My Friday afternoon this week concluded with a visit to the Elvin yard in Mitchell; all the trucks had been washed and neatly parked up for the night. My visit was two-fold this, firstly to check on the newly installed FatigueM8 unit, which we’d deployed earlier in the week and also to ‘tweak’ the steering wheel cover installed some 8 weeks earlier.
Job # 1: The new FatigueM8 model has some subtle, yet major changes to the unit. The most notable is the removal of the LCD panel on the front of the unit. During development, the LCD has been an invaluable part of the FatigueM8 compute model; displaying messages, errors and providing feedback, allowing us to see that inside the black box, all is as it should be. Now that the FatigueM8 units are being deployed and used in production, the need for the LCD has reduced. From the outset our mantra has always been “we want the driver to just drive and we’ll take care of the rest”, with the transition from Summer into Autumn and the end of daylight savings meant they were driving more often in dark conditions. While chatting to one of our drivers he mentioned that the blue glow emitted by the LCD in the dark cabin conditions more noticeable. Wanting to ensure we minimise distraction and light pollution in-cab for our drivers, we tweaked the design, reprinted the unit (they are 3D printed locally in Canberra) and installed it.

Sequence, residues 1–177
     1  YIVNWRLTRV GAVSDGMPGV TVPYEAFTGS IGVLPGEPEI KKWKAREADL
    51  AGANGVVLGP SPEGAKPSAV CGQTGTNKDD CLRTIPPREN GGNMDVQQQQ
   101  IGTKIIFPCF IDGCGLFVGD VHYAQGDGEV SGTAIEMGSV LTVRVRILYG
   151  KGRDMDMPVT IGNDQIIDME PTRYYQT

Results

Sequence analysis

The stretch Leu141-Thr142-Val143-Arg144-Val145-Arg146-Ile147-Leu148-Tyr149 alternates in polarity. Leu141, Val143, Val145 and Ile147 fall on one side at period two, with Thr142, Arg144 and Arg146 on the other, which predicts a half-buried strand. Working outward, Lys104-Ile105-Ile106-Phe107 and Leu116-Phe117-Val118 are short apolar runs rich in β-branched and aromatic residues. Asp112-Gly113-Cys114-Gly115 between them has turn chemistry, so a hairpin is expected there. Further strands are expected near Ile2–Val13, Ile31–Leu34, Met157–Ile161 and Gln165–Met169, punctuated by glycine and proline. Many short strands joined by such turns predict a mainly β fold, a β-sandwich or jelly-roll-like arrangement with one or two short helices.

Job # 2: Since installing our first persistent FatigueM8 unit into the Kenworth T359A some eight (8) weeks ago, we’ve been checking in with the regular with the driver, to get feedback on the unit’s performance. Overall the use of the unit has been seamless, with the only issue being the stitching on one section of the cover had loosened (as can be seen in the picture on the top left below).
After an hour of careful stitching, we fixed the troublesome section and made sure the rest of the wheel won’t have the same issue. When I shared the photo on the bottom-right with the driver he commented “It looks like a racing car steering wheel!” which I think is a good thing 🙂
Until next time, stay safe.